"Right For Me" Campaign

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What is the "Right For Me" campaign?

Writers House stories

EcoHouse stories

Dante House stories

Gender-Neutral Housing stories

"Right For Me" student contributors



What is the "Right For Me" campaign?  The "Right For Me" campaign is an initiative of the Residence Life Housing Selection Committee and the residents of Dante House, EcoHouse, Writers House, and Gender-Neutral Housing.  As much as we welcome students to cultivate their own opinions about what life is like in Residential College Houses (Dante House, EcoHouse, and Writers House) or in Genesee Hall's Gender-Neutral Housing environment, we wanted to provide accurate descriptions of life in these communities.  Students who live in each of these communities volunteered to talk to us about their experiences; their stories are available for you to read below.

In thinking about your housing for next year, we urge you not to simply dismiss EcoHouse, Writers House, and Gender-Neutral Housing as options because "that's where those students live".  Instead, ask yourself, "Would this community be right for me?"


Writers House stories:

"I began my Geneseo career in Fall 2010, and that's when I moved into Writers House.  Writers House is comprised of a bunch of geeks, and I mean this in an endearing way.  It's as if we're all on the same wavelength.  Writers House is a great environment for writing; some of us participated in NaNoWriMo, a National Novel Writing project which happens in November.  I live on the 4th floor, and it's rare when I can't find an open door or someone to talk with.  I even taught myself how to play the piano -- there's a practice room with a piano in Writers House.  I've enjoyed my time in Writers House thus far; thanks for letting me share my story with you!"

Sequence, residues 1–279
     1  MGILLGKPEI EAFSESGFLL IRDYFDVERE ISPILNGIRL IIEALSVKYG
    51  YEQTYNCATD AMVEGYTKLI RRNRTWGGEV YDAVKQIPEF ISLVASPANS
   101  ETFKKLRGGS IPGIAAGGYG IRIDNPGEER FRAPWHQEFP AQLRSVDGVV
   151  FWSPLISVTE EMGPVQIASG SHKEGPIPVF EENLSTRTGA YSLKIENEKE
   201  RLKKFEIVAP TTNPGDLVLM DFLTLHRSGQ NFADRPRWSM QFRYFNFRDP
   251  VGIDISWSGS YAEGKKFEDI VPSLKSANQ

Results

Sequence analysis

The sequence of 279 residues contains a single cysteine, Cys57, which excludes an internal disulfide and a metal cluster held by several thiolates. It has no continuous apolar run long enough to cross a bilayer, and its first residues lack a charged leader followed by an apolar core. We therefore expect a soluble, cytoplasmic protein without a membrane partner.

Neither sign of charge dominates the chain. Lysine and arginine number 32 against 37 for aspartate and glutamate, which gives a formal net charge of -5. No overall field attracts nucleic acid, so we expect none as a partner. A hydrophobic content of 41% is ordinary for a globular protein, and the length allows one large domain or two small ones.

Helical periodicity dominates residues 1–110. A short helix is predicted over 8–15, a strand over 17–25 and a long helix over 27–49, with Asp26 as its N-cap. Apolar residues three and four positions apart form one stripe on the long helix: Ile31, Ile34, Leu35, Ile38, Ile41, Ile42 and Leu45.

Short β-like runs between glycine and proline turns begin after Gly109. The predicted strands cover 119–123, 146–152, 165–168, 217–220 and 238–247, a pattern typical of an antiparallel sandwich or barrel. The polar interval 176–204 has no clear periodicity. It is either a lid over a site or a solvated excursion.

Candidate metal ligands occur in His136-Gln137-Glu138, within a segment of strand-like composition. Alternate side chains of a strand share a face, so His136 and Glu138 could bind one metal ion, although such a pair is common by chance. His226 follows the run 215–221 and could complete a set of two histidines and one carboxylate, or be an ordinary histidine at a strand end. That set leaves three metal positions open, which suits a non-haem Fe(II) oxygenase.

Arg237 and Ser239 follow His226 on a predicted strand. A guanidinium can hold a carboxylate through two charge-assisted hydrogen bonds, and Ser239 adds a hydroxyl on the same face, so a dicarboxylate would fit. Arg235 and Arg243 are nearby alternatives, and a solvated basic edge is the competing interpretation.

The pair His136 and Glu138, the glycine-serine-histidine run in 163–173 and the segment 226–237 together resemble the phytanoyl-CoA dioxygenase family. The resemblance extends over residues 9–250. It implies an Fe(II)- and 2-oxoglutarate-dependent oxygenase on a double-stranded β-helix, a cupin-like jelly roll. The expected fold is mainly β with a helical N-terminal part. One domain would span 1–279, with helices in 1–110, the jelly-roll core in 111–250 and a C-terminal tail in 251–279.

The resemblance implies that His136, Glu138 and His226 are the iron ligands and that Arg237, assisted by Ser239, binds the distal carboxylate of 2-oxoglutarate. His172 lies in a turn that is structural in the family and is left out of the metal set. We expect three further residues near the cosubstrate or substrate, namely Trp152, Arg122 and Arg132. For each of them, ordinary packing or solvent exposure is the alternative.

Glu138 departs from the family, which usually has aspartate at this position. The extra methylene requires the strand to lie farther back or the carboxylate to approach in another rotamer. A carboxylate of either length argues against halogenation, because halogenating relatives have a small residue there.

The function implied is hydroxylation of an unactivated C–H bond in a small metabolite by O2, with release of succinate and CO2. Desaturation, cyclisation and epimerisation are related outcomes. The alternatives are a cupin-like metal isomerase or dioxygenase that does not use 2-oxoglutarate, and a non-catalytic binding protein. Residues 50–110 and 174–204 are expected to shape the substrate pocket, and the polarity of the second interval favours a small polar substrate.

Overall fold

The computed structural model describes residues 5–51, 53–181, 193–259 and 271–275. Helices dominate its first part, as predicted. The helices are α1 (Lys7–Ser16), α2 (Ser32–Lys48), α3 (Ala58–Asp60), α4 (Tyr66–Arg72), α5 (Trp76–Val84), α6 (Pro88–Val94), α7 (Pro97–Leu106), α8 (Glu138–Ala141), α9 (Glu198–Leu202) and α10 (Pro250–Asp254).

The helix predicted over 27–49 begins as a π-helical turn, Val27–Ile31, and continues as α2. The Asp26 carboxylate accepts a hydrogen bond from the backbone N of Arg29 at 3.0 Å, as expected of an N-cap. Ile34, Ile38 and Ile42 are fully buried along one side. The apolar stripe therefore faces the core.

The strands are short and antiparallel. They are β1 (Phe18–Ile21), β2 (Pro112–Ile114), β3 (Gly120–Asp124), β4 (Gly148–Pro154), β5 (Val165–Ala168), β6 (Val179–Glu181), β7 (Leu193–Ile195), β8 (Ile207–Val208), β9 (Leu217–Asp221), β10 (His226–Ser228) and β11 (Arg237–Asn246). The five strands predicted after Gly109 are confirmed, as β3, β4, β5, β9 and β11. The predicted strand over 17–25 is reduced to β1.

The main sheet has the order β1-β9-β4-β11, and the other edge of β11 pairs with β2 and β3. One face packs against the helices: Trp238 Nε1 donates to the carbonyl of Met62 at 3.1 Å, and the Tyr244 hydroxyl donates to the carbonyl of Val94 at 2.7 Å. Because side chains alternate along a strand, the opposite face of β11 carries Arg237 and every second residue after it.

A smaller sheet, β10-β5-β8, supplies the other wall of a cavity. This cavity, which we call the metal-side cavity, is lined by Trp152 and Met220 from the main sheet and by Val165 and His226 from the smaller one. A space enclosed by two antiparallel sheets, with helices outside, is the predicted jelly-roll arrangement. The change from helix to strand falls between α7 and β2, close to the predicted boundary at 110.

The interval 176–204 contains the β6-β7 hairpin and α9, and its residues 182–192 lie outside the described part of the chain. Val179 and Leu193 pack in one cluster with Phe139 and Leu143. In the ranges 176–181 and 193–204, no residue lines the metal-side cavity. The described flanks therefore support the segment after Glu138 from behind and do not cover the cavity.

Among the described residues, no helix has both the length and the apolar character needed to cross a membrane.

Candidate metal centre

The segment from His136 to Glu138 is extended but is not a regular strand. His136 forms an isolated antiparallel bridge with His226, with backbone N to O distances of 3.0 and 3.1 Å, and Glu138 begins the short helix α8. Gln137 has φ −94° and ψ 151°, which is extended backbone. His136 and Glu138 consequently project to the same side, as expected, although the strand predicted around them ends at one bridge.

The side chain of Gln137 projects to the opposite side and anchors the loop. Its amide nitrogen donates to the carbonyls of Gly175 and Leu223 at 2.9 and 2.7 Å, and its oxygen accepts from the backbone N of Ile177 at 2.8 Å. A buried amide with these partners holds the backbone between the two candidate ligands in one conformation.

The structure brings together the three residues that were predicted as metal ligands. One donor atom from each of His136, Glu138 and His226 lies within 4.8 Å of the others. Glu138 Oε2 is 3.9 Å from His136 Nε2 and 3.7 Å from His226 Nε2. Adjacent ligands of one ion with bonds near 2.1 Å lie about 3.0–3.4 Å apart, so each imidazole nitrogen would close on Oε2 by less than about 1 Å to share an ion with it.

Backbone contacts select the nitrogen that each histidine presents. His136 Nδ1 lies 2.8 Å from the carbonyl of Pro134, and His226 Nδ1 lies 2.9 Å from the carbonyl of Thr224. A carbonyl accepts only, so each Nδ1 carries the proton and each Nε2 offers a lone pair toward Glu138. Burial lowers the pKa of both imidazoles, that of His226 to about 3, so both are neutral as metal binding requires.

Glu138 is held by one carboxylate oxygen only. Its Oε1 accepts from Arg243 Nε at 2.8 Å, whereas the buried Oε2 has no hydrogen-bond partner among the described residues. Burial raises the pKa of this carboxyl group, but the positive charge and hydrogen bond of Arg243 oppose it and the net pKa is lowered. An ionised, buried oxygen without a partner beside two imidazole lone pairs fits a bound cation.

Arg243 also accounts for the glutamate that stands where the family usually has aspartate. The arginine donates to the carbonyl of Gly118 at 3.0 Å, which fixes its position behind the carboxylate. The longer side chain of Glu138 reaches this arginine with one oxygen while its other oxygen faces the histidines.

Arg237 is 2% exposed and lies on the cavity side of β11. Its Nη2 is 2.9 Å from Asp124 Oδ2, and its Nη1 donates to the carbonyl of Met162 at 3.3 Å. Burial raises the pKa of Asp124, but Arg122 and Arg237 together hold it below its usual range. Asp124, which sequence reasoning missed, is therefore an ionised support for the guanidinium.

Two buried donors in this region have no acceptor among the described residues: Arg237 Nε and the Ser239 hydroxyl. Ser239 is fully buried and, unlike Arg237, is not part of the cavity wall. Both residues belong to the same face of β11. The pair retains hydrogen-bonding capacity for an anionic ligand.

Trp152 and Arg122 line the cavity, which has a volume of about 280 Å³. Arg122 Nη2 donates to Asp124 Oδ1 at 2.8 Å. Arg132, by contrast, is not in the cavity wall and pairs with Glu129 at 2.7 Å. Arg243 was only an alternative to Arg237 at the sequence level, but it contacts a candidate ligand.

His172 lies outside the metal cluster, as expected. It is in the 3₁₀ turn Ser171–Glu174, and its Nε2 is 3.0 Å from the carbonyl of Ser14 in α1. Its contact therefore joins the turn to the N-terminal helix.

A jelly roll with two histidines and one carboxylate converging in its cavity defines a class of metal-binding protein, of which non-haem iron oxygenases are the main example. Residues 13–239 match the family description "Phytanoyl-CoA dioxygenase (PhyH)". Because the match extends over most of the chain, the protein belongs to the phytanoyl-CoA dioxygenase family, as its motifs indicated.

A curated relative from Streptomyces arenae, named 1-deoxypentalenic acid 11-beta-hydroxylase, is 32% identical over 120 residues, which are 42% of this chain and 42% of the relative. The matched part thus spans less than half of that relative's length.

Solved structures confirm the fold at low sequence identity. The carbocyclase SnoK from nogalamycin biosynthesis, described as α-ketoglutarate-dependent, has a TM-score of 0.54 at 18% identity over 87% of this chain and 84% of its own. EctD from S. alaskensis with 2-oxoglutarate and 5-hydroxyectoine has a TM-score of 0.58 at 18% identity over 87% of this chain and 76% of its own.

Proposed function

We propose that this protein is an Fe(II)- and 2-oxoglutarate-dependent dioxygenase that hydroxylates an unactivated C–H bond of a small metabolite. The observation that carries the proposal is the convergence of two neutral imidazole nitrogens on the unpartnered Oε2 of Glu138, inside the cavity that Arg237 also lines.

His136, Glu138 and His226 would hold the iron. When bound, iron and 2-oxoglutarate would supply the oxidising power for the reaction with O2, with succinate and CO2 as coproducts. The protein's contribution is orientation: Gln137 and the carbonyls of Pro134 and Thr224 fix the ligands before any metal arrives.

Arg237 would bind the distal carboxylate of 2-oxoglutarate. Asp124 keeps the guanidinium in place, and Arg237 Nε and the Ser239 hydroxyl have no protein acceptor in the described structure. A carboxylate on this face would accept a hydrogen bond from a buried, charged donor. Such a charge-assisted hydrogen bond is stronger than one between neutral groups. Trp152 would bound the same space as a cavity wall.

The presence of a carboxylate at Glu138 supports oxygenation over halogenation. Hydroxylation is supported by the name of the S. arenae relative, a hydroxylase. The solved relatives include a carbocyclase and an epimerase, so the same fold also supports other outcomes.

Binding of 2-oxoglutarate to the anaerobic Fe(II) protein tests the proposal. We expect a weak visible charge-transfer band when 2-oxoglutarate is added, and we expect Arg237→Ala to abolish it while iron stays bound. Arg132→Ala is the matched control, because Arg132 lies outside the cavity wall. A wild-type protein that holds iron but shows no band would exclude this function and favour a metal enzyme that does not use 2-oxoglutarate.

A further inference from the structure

-- Christine O'Neill, class of 2014, Writers House Treasurer


"I think that housing is what you make of it -- or don't make of it.  Writers House can be part of your college experience, but it will not define your experience.  Some people think that can only live the true freshman housing experience in a residence hall like Onondaga or Jones, but there is no definitive freshman experience.  All students are different.  The Writers House community provides a freshman experience, not just an alternative to a freshman experience.  I've lived in other residence halls before.  In Writers House, people tend to congregate in lounges more.  Since all of us share an interest in writing, events are easier to organize.  Making friends was not an obstacle for me, and others would describe me as a quieter person.  I was able to meet people informally and through structured programs.  I especially appreciate that Writers House is driven by the students who live there -- if you decide to join Writers House, you will not be entering a pre-defined community.  We sometimes workshop our writing with each other, and we care about what our peers present to us.  This sort of care also extends to the general way in which we live with each other in Writers House.  Best of luck in choosing your housing for next year!

-- Kevin Muller, class of 2011, Lamron Managing Editor


EcoHouse stories: